Early Olmos

Curious to know more about Edward James Olmos, I checked out the 2013 Television Academy Foundation interview with him on YouTube and discovered that at age 13 this Mexican American kid from a divided family was a catcher in the Los Angeles Dodgers farm system, leaving two years later to sing lead in a rock band eventually known as the Pacific Ocean (“because it was the biggest thing on the West Coast”), which released an album called Purgatory in 1968. Having just listened to Eddie James’s passionate renditions of “Sixteen Tons,” “Road to Hell,” and “I Can’t Stand It,” recorded almost four decades before Gallactica, I have a clearer understanding of the actor’s take-it-to-the-limit approach to playing Adama. In the same interview, after praising the script, Olmos admits going beyond the writers’ idealized concept of the character. For the scene when he found that his oldest friend was an unwitting tool of the enemy Cylons, the writers suggested that he express the shock by, in effect, “having a drink.” Olmos told them “Oh yeah, you have no have idea where this is going.” Pretty soon Olmos’s Adama is “drinking all the time, taking pills all the time, trying to hold on to my sanity,” verging on total self-destruction (“a slobbering wreck”) and then “coming back” when it counted.

Adama’s Starbuck

One of the most visible advances on the 1978 Galactica was the change in Starbuck’s gender that gives us ace fighter pilot Kara Thrace, a life force played to the hilt by Katee Sackhoff, who, besides owning one of the two great, made-to-be-filmed faces in the series, becomes, in Ronald Moore’s words, “whatever you want her to be. It’s easy to put that label on her: Angel, or Messenger of God, or whatever. Kara Thrace died and was resurrected and came back and took the people to their final end. That was her role, her destiny on the show.”

Another of the saving graces of the series, Kara Thrace is much feistier, jauntier, cockier, in-your-face charming and maddening than Moore’s rhetoric suggests. Interviewed on, Sackhoff says of her character: “I always loved her. I loved her as somebody who wore their heart on their sleeve and didn’t see it as a weakness. She was incredibly strong, and very real, and she kind of helped me grow up, in a sense. I was 21 when I started playing her, so she really did take me into adulthood.”

Madame President

Yet another saving grace of the reimagined Galactica came on board because, as Sepinwall puts it, Moore wanted “to give Adama a legitimate counterpart among the civilians.” So he created Secretary of Education Laura Roslin, “the highest-ranking member of the government to survive the Cylon attack,” who is sworn in as president “in a scene designed to evoke the famous image of Lyndon Johnson taking the oath of office aboard Air Force One in the hours after the JFK assassination.” As played by Mary McDonnell, she reminded me at first of a shanghaied spaceship version of Diane Keaton’s spaced-out la-di-da Annie Hall. Like her co-star and eventual lover Bill Adama, she takes the character to some “dark places” in the later seasons.

On his blogspot about the “Hub” episode, Sepinwall writes: “What superlatives are left to describe the work of Mary McDonnell? How can I praise this performance week after week, season after season, and capture how much better it keeps getting without sounding like a sycophantic broken record?” Sepinwall refers to the scene where Laura tends to the wounded erotomaniacal genius Gaius Baltar, who, “with the benefit of some groovy drugs, decides to finally confess to Laura what she’s long believed: that he played a major role in the Cylon genocide of humanity.”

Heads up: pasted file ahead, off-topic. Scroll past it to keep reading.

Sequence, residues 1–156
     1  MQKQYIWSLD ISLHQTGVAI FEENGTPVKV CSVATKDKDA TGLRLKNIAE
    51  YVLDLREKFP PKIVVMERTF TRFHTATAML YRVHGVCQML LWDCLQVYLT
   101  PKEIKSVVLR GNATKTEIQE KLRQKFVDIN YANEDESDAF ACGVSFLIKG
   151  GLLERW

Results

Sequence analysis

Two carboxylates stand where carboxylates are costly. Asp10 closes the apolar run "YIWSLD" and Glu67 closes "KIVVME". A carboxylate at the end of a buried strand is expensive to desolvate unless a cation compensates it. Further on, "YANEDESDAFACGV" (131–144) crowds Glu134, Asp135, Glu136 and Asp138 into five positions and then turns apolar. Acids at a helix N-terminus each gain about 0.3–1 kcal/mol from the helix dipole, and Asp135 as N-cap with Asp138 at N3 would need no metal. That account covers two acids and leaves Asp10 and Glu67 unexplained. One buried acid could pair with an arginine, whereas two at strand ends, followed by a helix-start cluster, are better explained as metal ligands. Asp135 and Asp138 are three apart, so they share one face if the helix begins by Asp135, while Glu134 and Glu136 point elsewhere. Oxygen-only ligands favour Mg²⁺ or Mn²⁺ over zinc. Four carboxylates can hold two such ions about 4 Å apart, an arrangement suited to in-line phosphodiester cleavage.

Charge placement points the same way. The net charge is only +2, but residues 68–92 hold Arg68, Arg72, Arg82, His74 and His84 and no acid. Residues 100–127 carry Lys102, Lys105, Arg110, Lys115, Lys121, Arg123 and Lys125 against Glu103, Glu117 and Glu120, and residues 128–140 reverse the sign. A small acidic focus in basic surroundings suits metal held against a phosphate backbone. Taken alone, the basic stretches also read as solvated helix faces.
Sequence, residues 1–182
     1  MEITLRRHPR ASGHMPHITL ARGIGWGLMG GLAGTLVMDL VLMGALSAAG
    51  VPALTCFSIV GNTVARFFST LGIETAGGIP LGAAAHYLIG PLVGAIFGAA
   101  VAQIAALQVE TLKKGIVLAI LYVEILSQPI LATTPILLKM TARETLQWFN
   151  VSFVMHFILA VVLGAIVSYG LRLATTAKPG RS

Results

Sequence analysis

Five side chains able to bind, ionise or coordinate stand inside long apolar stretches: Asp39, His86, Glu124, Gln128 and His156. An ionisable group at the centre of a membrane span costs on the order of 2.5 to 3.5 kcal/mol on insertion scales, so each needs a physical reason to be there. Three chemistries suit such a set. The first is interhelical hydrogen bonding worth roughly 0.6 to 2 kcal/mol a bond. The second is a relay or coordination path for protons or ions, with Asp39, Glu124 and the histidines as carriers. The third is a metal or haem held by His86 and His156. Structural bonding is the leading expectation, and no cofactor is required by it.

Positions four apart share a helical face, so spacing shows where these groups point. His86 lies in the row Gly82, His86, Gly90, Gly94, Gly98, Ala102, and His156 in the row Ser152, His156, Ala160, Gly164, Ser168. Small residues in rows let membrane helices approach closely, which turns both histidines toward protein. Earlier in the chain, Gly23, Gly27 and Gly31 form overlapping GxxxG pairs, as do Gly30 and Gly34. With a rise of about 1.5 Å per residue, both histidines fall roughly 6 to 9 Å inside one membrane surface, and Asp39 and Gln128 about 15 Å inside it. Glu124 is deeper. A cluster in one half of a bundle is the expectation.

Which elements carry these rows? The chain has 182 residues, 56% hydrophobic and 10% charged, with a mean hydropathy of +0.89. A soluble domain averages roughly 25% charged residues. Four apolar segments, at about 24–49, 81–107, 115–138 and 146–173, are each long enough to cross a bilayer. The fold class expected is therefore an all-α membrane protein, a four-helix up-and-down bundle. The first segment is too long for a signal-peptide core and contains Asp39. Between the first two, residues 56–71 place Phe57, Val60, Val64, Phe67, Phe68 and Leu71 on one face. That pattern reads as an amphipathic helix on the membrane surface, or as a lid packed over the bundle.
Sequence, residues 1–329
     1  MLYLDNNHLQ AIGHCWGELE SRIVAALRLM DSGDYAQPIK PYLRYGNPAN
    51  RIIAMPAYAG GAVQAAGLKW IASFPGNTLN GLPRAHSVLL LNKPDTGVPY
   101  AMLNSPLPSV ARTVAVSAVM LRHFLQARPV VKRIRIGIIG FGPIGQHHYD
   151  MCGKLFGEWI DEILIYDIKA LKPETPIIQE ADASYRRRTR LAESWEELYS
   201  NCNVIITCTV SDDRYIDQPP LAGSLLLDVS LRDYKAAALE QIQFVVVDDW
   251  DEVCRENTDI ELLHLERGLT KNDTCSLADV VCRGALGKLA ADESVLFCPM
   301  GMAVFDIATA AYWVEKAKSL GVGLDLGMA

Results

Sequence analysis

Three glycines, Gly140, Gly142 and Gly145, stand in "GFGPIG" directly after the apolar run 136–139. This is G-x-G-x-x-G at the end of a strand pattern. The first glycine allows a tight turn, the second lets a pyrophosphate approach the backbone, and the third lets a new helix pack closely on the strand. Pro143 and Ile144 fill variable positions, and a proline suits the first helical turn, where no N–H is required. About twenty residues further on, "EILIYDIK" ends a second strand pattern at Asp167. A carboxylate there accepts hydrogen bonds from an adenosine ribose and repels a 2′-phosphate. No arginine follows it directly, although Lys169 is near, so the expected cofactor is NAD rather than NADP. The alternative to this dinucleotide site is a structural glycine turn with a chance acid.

The Baltar Enigma

Undoubtedly the most bizarre character arc in all Galactica is the one followed by James Callis as Gaius Baltar, who was so repellent, so hapless, so painfully uncharismatic in the prefatory (and probably necessary) miniseries (2003) that my wife and I seriously considered skipping the main event. How could we endure the company of this self-pitying sap, this sexual basket case for four seasons of our lives? Surely it would never be possible to take seriously this mad genius sex slave of the gorgeous Playboy fantasy embodied by Cylon Six, later Caprica Six (Tricia Helfer). Surely, you tell yourself, a human liability of cosmic proportions could never achieve embattled mock-heroic stature, all the while wondering whether the writers know what to do with someone who pivots from Jeremy Irons-as-Humbert Humbert to a handsomer version of a dangerously all-powerful egomaniac not unlike the recently departed president, all this in the course of a series that ends with an immortal sunglassed Baltar and his tall, lovely, undying Six moving among the crowds of 21st-century Manhattan. Then consider his last words, the last words of the entire epic: “Silly me, silly silly me.” Now cut to a view of Times Square and an MSNBC Advances in Robotics display window where robots dance and gyrate as Jimi Hendrix sings “All Along the Watchtower.”


Battlestar Galactica can be streamed on Peacock and is in the DVD collection of the Princeton Public Library, which also has a copy of Alan Sepinwall’s The Revolution was Televised. Interviews from the post-finale Q and A, and elsewhere, are available online.